I have read the transcripts from the murder trial of a diabolical man who intentionally ran over three little kids in a McDonald’s parking lot around the corner from my house on a Saturday morning a few years ago. In the document were the recorded words of the mother whose three year old daughter was killed in the incident. She spoke directly to the man who had brutally snuffed out the life of her baby girl just days before her third birthday (laughing while he did it, by the way), and said to him that the Bible says that there is a "hottest place in hell" reserved for him, and that she was going to laugh while she watched God throw him into it.
Now, I know that the Bible doesn’t say anything like that, and you know what I believe about ultimate reconciliation, but, as a parent, or just as a person who can’t make sense of that kind of evil, I completely understood why she said that, and in some secret place in my heart or brain I hoped that she was right!
In other words, what I know by the spirit doesn’t always jibe with what I feel emotionally, and if that were my little girl who was killed, I probably would have said the same thing, or worse!
In all honesty, I also really don’t think that I could ever forgive the man, nor would I even attempt to…only the "hottest place in hell" idea would give me some sense of psychological relief in the matter.
"You Can't Handle the Truth!"
But let’s look at some literal interpretations of the Scriptures which define the conventional Christian ideas concerning who should really go to hell, which are generally taken out of context (and I’m using the King James Version to make my point because it sounds more profound and scarier).
First of all, the dividing of the sheep from the goats mentioned in Matthew 25 is about compassion, philanthropy, and sensitivity to the needs of others…not about "sin" as we think of it.
Then shall he say also unto them on the left hand, Depart from me, ye cursed, into everlasting fire, prepared for the devil and his angels: For I was an hungered, and ye gave me no meat: I was thirsty, and ye gave me no drink: I was a stranger, and ye took me not in: naked, and ye clothed me not: sick, and in prison, and ye visited me not. (Matthew 25:41-43)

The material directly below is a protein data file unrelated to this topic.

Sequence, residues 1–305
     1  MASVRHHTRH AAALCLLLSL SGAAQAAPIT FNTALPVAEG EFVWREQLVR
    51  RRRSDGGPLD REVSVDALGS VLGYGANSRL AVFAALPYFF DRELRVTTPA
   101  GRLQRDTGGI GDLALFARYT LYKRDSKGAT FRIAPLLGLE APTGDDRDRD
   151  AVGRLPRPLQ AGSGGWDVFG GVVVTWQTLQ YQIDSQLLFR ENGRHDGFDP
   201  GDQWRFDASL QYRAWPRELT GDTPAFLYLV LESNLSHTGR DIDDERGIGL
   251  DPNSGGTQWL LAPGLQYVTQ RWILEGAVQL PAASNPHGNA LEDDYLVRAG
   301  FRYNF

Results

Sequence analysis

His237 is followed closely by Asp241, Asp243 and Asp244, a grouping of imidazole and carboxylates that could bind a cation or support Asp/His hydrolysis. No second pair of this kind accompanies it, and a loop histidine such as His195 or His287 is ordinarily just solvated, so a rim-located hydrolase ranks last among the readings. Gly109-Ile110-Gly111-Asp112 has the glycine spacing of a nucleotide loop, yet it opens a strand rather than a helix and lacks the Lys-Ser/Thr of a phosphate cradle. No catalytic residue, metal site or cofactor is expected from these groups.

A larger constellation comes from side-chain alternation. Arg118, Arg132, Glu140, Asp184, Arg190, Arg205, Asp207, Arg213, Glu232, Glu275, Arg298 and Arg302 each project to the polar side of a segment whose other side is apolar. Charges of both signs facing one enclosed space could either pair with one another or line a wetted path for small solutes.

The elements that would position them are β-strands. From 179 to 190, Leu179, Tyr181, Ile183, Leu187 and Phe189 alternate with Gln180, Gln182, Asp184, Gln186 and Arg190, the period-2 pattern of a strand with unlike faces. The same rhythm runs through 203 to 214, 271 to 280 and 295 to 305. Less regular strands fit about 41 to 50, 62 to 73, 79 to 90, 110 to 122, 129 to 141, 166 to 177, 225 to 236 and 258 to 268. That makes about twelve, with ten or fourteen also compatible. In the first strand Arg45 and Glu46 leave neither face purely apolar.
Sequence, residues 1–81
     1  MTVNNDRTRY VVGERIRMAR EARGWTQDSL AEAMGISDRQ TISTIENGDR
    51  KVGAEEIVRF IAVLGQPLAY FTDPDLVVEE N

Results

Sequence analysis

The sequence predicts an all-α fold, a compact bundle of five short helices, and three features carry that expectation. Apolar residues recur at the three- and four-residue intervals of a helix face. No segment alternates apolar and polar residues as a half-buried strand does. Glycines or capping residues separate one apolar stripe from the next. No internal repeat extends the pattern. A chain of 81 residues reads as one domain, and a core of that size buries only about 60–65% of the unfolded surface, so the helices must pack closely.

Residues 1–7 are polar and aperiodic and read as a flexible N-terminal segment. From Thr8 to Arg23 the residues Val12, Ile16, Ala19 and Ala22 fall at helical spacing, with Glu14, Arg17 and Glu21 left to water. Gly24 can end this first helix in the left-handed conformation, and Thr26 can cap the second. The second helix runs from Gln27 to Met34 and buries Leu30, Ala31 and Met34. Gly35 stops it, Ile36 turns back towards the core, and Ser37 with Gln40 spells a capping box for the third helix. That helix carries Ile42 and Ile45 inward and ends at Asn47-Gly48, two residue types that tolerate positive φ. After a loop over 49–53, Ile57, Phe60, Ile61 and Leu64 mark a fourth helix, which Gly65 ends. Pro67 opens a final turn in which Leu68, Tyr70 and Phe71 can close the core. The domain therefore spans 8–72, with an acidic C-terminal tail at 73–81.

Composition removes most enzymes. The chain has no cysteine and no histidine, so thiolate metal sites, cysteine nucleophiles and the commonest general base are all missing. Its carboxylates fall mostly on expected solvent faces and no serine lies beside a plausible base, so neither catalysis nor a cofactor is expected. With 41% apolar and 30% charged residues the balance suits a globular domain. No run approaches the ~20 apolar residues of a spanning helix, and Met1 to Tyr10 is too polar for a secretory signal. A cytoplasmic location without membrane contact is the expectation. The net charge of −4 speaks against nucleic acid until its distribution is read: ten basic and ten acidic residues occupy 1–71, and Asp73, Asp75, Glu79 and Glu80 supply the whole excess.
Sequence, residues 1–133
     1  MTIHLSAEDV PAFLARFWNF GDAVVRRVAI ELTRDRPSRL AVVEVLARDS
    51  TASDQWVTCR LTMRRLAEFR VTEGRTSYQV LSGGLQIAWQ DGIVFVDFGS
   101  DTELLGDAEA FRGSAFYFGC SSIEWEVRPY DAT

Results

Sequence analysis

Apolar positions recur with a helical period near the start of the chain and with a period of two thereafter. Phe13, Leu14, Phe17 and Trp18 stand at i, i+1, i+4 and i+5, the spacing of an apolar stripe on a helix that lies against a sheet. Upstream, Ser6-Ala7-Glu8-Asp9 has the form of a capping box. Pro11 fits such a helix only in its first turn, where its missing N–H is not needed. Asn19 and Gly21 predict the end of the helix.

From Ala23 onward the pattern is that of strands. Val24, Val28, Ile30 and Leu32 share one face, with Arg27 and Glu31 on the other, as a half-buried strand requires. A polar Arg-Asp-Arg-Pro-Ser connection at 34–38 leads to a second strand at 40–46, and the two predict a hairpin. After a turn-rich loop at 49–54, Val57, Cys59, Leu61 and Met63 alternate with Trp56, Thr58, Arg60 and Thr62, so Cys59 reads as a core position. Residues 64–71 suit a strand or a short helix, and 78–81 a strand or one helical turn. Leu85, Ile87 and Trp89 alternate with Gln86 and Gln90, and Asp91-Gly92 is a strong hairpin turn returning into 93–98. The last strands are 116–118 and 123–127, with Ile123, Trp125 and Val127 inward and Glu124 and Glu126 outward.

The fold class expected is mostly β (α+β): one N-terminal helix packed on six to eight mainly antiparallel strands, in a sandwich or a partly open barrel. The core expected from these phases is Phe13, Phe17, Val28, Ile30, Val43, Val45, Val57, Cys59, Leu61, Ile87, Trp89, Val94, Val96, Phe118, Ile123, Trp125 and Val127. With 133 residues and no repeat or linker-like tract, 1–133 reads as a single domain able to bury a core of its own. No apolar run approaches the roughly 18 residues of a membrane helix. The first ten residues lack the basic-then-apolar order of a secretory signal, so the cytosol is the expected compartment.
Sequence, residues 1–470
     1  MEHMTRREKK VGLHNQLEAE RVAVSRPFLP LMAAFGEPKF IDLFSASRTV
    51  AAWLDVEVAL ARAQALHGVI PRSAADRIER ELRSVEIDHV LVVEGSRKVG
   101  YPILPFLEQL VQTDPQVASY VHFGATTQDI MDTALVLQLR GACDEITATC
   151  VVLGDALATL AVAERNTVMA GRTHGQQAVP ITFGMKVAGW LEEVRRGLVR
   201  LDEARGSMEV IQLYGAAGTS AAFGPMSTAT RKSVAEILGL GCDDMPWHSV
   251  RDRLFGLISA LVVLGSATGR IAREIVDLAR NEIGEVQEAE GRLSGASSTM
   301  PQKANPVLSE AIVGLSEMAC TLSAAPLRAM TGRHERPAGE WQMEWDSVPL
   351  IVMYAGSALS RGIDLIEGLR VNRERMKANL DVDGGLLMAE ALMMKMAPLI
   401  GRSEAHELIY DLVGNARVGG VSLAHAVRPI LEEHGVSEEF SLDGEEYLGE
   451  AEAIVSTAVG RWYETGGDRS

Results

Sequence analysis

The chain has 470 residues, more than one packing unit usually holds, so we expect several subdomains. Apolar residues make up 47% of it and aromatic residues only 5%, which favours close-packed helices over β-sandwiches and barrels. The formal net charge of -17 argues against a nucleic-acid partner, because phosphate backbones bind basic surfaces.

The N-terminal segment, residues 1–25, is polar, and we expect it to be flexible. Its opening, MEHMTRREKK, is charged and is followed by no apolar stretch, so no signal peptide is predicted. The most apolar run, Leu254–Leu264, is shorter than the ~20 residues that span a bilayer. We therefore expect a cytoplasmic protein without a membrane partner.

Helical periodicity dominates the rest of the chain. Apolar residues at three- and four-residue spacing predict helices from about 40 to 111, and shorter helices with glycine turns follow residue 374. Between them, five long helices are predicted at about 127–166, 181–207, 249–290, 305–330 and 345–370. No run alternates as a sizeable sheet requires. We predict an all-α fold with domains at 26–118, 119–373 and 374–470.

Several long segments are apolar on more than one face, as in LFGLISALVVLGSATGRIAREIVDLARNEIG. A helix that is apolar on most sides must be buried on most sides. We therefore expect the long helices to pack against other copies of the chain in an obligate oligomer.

The "goats" in the parable are sent into the "fire", not because they were mass murderers or serial killers or sexual deviants, but because they didn’t feed the hungry or clothe the naked or visit the prisoners. And yet we all know Christians who have never once entered a jail or prison to visit the incarcerated, and have never once helped a homeless person in any way. But if you asked them if Hitler is in hell (or if the man I mentioned earlier is going there) they would more than likely say a definite "yes", oblivious to the fact that Jesus said they were also going to hell!
Then in Luke 17, the rich man went to "hell" because he was rich, not because he committed any heinous acts (other than refusing to feed a homeless man). And Lazarus went to "heaven" (or Abraham’s bosom), not because he prayed the "Sinner’s Prayer" or confessed Romans 10:9, 10, but because he was poor:
But Abraham said, Son, remember that thou in thy lifetime receivedst thy good things, and likewise Lazarus evil things: but now he is comforted, and thou art tormented. (Luke 16:25)
Have you ever heard a preacher preach that all the indifferent rich were going to hell, and all the suffering poor were going to heaven?
But that's what Jesus said, is it not?
So let me get this straight…Hitler is in hell because he committed genocide, Jeffry Dahmer is in hell because he was a murderous cannibal, John Lennon is in hell because he wrote "Imagine", and the man who ran over those children is going to the "hottest place" there because of what he did…and yet Jesus said that calling someone an idiot or a fool is grounds for eternal punishment (according to conventional interpretation of Scripture).